Saudi Arabian culture – Key concepts and values

Face – In a culture where confrontation and conflict are to be avoided, the concept of face is a fundamental issue of daily life. Dignity and respect are key elements in Saudi Arabian culture and saving face, through the use of compromise, patience and self-control is a means by which to maintain these qualities. Arabian culture utilises the concept of face to solve conflicts and avoid embarrassing or discomforting others. In a business context, preventing loss of face is equally important. For instance, your Saudi Arabian counterparts will not take well to pressure that places them in an uncomfortable position which make them lose face.

Islam – In order to comprehend fully the culture of Saudi Arabia one needs to understand the extensive influence of religion on society. The overwhelming majority of the population of Saudi Arabia are Arabs who adhere to the Wahhabi sect of Islam. Islam, which governs every aspect of a Muslim’s life, also permeates every aspect of the Saudi state. As a result, Arabian culture is often described as detail orientated, whereby emphasis is placed on ethics and expected social behaviour such as generosity, respect and solidarity. These are customs and social duties that also infiltrate the Saudi Arabian business world and affect the way Arabs handle business dealings.

High Context Communication – Saudi Arabia is considered a very high context culture. This means that the message people are trying to convey often relies heavily on other communicative cues such as body language and eye-contact rather than direct words. In this respect, people make assumptions about what is not said. In Saudi Arabian culture particular emphasis is placed on tone of voice, the use of silence, facial cues, and body language. It is vital to be aware of these non-verbal aspects of communication in any business setting in order to avoid misunderstandings. For instance, silence is often used for contemplation and you should not feel obliged to speak during these periods.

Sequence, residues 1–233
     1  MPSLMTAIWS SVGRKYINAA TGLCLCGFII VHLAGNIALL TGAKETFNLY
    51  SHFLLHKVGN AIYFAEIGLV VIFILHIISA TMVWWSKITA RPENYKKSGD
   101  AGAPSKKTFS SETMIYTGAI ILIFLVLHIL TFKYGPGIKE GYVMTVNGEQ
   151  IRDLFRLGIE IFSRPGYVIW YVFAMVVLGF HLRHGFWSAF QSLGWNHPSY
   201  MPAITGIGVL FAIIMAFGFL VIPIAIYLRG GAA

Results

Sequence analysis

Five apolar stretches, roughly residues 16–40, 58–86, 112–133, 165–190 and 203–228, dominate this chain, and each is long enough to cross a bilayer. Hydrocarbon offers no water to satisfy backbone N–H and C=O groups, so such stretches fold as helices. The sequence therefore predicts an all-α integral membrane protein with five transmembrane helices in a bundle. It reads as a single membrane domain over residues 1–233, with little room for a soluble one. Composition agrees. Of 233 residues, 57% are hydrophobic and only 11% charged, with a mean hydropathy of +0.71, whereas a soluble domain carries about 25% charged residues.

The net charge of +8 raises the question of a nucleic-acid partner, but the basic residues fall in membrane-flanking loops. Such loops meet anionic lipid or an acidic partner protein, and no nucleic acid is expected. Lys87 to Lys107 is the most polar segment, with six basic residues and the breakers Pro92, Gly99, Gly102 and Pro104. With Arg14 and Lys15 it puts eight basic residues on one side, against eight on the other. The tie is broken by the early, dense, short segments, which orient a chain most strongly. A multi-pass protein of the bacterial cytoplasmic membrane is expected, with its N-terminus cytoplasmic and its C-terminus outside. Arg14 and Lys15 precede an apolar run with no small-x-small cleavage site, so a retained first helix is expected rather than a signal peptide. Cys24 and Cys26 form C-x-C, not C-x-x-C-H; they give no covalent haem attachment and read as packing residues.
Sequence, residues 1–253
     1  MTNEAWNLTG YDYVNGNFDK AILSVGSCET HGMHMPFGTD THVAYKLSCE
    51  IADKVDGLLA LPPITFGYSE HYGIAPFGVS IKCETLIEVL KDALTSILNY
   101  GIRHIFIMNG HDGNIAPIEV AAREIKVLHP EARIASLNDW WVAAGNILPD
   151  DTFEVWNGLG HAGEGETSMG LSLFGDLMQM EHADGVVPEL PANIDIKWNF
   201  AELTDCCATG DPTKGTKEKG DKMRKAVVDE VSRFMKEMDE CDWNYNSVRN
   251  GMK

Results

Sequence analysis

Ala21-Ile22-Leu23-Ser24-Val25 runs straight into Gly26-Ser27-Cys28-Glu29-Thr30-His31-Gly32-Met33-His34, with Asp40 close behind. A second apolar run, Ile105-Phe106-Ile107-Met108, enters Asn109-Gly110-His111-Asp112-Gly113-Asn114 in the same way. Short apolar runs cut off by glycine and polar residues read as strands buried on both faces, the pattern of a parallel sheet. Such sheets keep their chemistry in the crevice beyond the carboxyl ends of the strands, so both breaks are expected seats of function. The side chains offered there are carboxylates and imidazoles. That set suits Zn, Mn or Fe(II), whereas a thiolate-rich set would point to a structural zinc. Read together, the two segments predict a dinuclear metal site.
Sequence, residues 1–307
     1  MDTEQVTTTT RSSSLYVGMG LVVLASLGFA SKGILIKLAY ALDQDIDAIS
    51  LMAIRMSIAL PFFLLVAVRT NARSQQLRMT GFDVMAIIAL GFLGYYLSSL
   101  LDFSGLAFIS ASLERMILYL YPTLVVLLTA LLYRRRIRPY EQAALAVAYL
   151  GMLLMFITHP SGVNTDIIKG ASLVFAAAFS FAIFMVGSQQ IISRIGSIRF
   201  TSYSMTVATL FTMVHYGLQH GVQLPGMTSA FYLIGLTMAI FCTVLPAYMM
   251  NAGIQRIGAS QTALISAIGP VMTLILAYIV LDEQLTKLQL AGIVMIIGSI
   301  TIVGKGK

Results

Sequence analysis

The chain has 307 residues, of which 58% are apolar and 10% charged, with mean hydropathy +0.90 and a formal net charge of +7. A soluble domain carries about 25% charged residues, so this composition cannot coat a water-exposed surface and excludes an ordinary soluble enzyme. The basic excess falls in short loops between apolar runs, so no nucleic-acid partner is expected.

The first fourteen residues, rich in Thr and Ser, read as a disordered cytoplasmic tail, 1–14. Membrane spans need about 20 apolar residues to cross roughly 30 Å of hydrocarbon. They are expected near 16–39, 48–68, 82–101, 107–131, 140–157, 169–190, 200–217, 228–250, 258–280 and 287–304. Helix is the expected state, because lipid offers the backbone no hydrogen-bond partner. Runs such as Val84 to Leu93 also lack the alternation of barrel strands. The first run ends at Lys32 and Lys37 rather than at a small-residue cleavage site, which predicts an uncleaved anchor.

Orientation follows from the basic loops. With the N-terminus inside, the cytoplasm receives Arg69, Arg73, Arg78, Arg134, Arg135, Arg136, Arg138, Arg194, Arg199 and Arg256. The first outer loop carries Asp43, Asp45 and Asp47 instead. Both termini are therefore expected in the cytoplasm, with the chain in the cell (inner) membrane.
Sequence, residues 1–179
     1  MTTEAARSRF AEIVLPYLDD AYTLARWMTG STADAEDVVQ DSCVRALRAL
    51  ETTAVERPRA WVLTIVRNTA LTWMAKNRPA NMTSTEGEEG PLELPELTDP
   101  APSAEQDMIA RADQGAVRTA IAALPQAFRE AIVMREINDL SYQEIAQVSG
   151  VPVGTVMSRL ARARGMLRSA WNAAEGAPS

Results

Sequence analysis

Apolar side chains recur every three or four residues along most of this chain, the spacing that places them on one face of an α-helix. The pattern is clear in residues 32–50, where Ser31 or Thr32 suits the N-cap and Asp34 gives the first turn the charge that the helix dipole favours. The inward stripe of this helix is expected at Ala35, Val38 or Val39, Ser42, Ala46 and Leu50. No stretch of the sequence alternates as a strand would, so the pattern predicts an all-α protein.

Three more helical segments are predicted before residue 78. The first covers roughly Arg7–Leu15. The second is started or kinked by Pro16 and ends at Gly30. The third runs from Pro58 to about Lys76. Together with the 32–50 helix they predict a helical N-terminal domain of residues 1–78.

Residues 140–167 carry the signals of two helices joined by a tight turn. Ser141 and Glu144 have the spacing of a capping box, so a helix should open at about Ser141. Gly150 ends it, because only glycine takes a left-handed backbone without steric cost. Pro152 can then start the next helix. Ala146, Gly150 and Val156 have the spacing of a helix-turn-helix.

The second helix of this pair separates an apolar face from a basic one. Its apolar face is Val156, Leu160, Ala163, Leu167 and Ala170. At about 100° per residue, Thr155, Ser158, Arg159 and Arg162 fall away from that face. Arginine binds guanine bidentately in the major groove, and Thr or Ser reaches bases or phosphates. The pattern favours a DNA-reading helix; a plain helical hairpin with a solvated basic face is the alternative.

Doing Business in Saudi Arabia

The historical journey which led to the foundation of the Kingdom of Saudi Arabia was notably one of triumph and misfortune. Prior to the emergence of Islam, the peninsula was divided between various nomadic Arab tribes and subject to invasion from a number of outside cultures. The creation of modern Saudi Arabia dates from 1932 when the late King Abdul Aziz AL-Saud unified the surrounding regions as the Kingdom of Saudi Arabia. To this day the monarchy remains the central institution of the Saudi Arabian Government, governed on the basis of Islamic law (Shari’a). The discovery of oil on March 3rd, 1953 transformed the Kingdom of Saudi Arabia from a purely trade-based economy to the largest exporter of petroleum in the world. This economical revolution paved the way for a greater industrial base and opened up the country to the business world. For those wishing to do business with Saudi Arabia an understanding of Saudi etiquette and the personal manner in which business is conducted is essential to success.

Saudi Arabia Business Part 1 – Working in Saudi Arabia (Pre-departure)

  • Working practices in Saudi Arabia
    • Generally speaking, business appointments in Saudi Arabia are necessary. However, some Saudi business executives and officials may be reluctant to schedule an appointment until after their visitors have arrived. Appointments should be scheduled in accordance with the five daily prayer times and the religious holidays of Ramadan and Hajj. It is customary to make appointments for times of day rather than precise hours as the relaxed and hospitable nature of Saudi business culture may cause delays in schedule.
    • The Saudi working week begins on Saturday and ends on Wednesday. Thursday and Friday are the official days of rest. Office hours tend to be 0900-1300 and 1630-2000 (Ramadan 2000-0100), with some regional variation.
    • The concept of time in Saudi Arabia is considerably different to that of many Western cultures. Time is not an issue; therefore Saudi Arabians are generally unpunctual compared to Western standards. Despite this, it is unusual for meetings to encroach on daily prayers and you will be expected to arrive at appointments on time.
  • Structure and hierarchy in Saudi Arabian companies.
    • There exists a distinct dichotomy between subordinates and managers within Saudi Arabian companies. Those with most authority are expected and accepted to issue complete and specific directives to others.